As I posted here on April 15 2020 , we had a bat lodging in our garden parasol. Much as I was enjoying sharing the garden with wildlife, I did feel my need of the parasol was greater than his.
We did try to take a photograph of him leaving in the evening. It was at this moment in the darkness we realized that it was not only difficult to see in the dark but impossible to focus a camera (live and learn :)).
We were able to take an improved photograph of him by flash. Not great, I did say improved.
Here the photograph is turned upside down to help with identification because I do not think it is small enough to be a pipistrelle.
I think it is a Myotis species, one of the mouse-eared bats. It has little bumps on its nose.
I found this site helpful https://nottsbatgroup.org.uk/wp-content/uploads/2015/10/Identification_of_British_Bats.pdf but I wonder if anyone out there has any ideas?
This is the best I can do to help Dromfit with an ID.
5 thoughts on “Back to the bat”
Yes… I have an idea [having looked it up in Dietz & Kiefer’s “Bats of Britain and Europe”…. it is wrong facially for a mouse-eared bat… as are the ears… but I think you have a Serotine [BL = 58 to 80mm] facially it is a perfect match for one of the pictures.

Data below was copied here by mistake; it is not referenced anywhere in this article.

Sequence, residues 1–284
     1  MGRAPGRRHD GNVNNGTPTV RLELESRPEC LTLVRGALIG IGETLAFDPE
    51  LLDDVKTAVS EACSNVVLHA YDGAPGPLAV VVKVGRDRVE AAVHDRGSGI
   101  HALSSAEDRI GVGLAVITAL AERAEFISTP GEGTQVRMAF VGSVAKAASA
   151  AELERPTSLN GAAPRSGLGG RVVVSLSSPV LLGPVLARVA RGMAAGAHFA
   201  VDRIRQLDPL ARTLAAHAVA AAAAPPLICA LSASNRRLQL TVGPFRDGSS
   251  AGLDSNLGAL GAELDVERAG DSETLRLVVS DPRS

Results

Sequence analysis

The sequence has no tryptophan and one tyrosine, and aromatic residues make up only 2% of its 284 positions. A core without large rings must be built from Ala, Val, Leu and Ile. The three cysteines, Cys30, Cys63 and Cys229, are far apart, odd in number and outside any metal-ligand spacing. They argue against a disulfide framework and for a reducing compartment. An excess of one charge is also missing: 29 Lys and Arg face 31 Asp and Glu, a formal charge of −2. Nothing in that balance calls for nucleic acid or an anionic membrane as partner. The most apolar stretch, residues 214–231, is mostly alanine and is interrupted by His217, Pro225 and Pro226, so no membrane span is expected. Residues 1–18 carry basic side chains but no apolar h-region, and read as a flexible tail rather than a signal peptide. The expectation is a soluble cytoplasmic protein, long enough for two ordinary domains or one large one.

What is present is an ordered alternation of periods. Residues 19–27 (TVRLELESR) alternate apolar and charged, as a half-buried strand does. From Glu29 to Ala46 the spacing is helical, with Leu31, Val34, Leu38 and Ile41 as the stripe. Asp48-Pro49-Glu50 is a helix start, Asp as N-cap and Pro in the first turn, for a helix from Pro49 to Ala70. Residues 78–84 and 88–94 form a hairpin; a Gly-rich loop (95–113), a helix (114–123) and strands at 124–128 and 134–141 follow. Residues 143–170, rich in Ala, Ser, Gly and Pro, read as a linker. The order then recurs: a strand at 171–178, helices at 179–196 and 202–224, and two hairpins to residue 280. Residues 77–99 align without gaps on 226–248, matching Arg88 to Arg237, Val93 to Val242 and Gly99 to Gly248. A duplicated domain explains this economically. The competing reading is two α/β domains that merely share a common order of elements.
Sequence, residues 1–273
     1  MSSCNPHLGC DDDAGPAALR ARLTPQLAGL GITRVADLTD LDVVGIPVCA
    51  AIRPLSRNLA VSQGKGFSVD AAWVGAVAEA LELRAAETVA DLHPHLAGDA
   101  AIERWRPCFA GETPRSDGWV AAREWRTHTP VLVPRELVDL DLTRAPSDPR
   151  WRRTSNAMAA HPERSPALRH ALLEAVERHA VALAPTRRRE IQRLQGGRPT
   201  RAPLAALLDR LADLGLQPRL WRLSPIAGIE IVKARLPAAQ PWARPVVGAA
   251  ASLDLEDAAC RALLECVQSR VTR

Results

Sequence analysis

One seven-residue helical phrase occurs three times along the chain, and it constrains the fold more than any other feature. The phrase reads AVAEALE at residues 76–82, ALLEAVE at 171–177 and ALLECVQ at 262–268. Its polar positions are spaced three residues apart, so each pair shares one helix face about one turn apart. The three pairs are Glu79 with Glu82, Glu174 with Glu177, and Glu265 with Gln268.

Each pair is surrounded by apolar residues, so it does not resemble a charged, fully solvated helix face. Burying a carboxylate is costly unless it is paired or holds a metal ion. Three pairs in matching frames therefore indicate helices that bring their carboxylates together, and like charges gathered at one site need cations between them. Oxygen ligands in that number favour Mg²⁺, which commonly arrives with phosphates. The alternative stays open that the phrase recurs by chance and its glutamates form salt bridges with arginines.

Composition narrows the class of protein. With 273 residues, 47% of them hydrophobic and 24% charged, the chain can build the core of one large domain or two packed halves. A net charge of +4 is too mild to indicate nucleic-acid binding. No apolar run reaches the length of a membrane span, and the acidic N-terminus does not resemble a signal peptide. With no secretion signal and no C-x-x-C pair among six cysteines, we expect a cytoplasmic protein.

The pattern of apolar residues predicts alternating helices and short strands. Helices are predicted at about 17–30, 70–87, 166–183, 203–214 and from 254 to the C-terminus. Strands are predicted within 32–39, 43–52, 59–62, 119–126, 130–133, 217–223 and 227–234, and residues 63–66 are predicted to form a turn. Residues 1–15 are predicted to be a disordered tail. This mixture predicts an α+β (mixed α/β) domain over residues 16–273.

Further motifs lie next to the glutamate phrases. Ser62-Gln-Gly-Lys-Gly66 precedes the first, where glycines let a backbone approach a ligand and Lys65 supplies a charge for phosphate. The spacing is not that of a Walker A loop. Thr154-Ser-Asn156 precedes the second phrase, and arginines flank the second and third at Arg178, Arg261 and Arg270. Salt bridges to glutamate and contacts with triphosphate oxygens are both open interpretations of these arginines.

If it didn’t fit that size bracket, then one of the large Pipistrelles…. possibly Nathusius’s…. A close-up of the head [ot an enlargement, would help… especially the tragus [the bit that sticks up at the front of the ear and concentrates their reception of the sound.
I added a closer photograph but sorry that is the best quality I can do. It has little bumps on its muzzle, too. Amelia
I can see the tragus now… I’ll open it up on my bigger machine… thanks.
Amelia, problem….. I opened it up on my big monitor and it remains the same size as the original… but without the clutter.
And, essentially the same size [5cm square] as on this one, only very, very slightly larger [5.3cm]
I really need an image that is much larger [10cm minimum]… this one is still way too small to view the tragus clearly…. sorry.
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I do not have a good telephoto lens and I am afraid that is the best angle I have got for the tragus. It is too difficult for anyone but the experts to hazard a guess even. You have to take into account the sub-species, regional variations, sex and maturity of the bat. I think we will just have to be contented with the fact that he was very cute. Thank you for trying. I have been doing similar my side :).
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